How many times have you been in a professional conversation when you’ve realised that the other person is no longer ‘with you’?
It is most obvious when there is a physical interruption like a knock at the door, a phone call or message ping that takes the focus away from the conversation. Sometimes it’s not so obvious. You may hear a keyboard or mouse clicking when you’re on the phone. You may feel that the other person is just not fully there though the signals may be more subtle.
How did you feel when you realised this? Irritated, angry, dismissed, inferior or worthless? How could you achieve more with conversations?
Presence and Attention
As a leader, your presence and attention, or the lack of it, can have a massive impact. Do you want the people you have conversations with to feel like you were not paying full attention to them and their topic?
One of the worst days in my career was when I went to talk to my boss about a principle, I felt was being wilfully overturned by a senior leader. A leader who was publicly espousing the benefits of that very principle. The effect of overturning the principle was a negative impact on the effectiveness of the work and costs of my boss’s department and the company.
It took me less than two minutes to realise my boss wasn’t engaging, no eye contact, no verbal responses, no acknowledgement of the issue. His next words confirmed it, “Have you seen the ‘totally irrelevant‘ spreadsheet?”
That was the day I started my mental walk away from the company.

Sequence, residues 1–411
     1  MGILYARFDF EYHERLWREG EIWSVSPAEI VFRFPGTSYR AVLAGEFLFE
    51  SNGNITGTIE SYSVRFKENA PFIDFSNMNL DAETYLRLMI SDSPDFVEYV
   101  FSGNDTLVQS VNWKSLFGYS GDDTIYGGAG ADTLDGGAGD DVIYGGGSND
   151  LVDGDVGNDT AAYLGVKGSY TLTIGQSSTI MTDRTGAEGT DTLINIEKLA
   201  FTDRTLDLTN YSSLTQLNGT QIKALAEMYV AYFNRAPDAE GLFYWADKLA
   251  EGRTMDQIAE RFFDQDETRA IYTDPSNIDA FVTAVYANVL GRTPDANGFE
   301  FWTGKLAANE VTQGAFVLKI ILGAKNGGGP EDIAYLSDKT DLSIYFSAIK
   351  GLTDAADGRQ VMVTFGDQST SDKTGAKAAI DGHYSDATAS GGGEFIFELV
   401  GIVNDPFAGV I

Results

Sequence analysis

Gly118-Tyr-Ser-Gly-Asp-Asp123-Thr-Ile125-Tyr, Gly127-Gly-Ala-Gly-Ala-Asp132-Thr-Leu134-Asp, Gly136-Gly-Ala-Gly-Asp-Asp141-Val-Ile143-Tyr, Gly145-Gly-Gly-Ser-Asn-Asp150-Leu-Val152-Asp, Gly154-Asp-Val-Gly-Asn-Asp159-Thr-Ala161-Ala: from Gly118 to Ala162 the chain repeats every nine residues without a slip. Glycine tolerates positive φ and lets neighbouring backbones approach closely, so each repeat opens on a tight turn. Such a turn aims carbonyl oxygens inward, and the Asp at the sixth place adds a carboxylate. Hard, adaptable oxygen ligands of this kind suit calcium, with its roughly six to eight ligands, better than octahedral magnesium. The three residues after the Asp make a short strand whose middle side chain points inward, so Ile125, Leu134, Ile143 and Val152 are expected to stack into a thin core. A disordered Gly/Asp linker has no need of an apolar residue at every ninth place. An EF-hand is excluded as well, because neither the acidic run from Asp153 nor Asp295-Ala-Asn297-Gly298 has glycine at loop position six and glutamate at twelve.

There may have been incredibly good reasons for their reaction or lack of it. They may not have known how to handle it or may not have wished to rock the boat with the senior leader. The choice they did have though was whether to engage with the person in front of them. The engagement may only have been to acknowledge that it was a problem and that there wasn’t much that could be done.
Difficult conversations should not be avoided as a leader. The effect of not being present when things are tough, or boring, is felt by the other person. Do you really want them to think you don’t have time for them or their issue?
If the conversation is unplanned and you cannot give your full attention to it right then, let the other person know. Plan a time to have a conversation later. The other person will have a much better feeling when discussions reconvene. You will achieve more with conversations where you are present and can pay full attention.
Building on Successful Conversations
Achieving more with conversations is a double whammy in the Three Pillars of Stress-Free Success model. It strengthens your leadership and delivers on your personal effectiveness.
A coaching style of leadership helps get the best out of your team. A conversation with a coach demonstrates how to be fully present and pay attention. Experience the power of a coaching conversation and examine how this helps you by booking a free exploratory chat as a prelude to a possible coaching programme. See how to achieve more with conversations in action.